Therefore, the best way to address your business sales and marketing challenges is through leveraging the right front-office tool. There are three main CRM systems, including collaborative, operational, and analytical.


Not every customer relationship management system is made equal. Typically, a B2B sales environment is more complex, with multiple buyers involved. A sale can take up to 12 months to close and involve more steps in the process. B2B deals are larger which means that there are fewer purchases. There are fewer leads because B2B products are not universally needed. Many people like Coca-Cola, but not everyone needs the tire assembly for an off-road earth mover.

Given the level of complexity, you need a customer solution that fits your unique B2B needs. Consider a system that provides the following:

  • Automated workflows to help sales reps manage their workloads and keep track of everything
  • Forecasting capabilities to accurately predict customer behavior and project financial outcomes
  • Greater visibility into what stage of the sales funnel the prospect or lead is in
  • CPQ applications to sell complex, highly configurable equipment that in many cases are found in a self-service environment
  • Quote management to generate quotes and provide a level of detail to prevent order mistakes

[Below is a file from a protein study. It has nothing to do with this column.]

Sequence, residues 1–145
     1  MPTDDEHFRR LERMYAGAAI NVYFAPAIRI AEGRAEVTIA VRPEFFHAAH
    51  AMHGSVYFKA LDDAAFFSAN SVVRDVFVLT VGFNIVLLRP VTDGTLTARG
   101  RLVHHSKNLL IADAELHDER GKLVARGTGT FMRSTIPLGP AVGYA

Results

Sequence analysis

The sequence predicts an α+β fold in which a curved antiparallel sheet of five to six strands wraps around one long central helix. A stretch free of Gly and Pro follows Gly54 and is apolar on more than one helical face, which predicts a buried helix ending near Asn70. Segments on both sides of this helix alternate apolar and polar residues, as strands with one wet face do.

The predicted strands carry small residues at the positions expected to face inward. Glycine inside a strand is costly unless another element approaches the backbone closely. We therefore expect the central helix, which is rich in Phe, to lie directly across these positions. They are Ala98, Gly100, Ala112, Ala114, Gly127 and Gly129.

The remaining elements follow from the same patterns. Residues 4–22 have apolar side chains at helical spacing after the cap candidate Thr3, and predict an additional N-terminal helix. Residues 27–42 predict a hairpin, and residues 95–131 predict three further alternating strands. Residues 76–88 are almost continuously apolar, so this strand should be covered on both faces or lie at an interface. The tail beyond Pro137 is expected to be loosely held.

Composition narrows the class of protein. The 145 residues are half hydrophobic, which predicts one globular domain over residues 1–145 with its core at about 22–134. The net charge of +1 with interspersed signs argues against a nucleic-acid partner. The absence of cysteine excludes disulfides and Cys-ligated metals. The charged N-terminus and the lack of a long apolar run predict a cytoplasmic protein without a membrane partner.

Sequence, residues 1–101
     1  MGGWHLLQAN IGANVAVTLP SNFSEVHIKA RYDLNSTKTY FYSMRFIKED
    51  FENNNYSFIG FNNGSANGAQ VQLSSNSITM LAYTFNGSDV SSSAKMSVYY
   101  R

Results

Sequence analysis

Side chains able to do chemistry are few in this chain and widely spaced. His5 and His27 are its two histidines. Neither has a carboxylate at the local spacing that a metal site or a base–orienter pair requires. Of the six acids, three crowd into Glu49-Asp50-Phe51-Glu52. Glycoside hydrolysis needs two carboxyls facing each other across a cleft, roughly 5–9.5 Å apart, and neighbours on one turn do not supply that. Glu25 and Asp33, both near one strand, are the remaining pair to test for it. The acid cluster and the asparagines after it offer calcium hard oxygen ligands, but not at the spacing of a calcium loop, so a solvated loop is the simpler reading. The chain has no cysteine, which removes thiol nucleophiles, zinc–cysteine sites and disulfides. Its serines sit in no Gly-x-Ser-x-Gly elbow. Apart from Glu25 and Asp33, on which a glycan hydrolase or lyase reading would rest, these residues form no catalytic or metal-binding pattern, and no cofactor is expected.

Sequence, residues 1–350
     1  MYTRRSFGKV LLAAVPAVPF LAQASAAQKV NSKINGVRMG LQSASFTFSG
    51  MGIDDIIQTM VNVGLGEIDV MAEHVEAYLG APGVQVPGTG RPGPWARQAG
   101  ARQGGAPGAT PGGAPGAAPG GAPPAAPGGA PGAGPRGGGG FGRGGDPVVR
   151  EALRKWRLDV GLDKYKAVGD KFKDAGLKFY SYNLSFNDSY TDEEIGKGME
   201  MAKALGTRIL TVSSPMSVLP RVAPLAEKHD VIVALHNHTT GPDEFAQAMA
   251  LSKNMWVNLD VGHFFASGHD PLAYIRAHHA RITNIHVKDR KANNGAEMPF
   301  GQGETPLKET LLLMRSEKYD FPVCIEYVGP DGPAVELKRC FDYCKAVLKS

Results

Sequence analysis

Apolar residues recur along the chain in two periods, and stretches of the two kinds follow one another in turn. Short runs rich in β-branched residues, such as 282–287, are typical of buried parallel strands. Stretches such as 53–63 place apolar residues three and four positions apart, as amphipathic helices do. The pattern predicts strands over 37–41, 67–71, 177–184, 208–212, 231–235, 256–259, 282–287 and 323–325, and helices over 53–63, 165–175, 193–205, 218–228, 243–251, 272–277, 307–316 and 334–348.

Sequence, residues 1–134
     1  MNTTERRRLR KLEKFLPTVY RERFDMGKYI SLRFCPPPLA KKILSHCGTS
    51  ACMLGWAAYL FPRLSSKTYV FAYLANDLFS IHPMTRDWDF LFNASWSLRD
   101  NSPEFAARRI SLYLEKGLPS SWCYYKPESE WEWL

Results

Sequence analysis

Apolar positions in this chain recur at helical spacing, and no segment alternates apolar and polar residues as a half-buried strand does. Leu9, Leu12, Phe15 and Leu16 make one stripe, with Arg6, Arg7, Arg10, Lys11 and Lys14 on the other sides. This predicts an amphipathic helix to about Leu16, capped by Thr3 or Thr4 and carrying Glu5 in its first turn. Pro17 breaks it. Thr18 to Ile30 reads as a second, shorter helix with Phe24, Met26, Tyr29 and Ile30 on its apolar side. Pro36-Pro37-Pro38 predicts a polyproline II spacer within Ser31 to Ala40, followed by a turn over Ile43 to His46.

As mentioned above, not every customer management solution is created equal. A B2C sales environment is typically less complicated than B2B. Sales take days—not months or years—and usually require fewer touchpoints. Deals are smaller, but there are more products per purchase. Given the need to focus on a broad audience to make quick and easy sales at a massive scale, you need a solution that fits your unique B2C needs. Ideally, your B2C solution should provide:

  • Real-time capabilities in the areas of customer data, service notifications, and more
  • Robust email marketing that’s capable of sending out blasts to large lists while maintaining a personal touch
  • Automated workflows that support marketing to an extensive database of contacts, selling to that large number of contacts, and providing service that can keep up with customer demand
  • Integrated call center and customer service capabilities that can handle more requests through an integrated ticketing platform and a variety of chat tools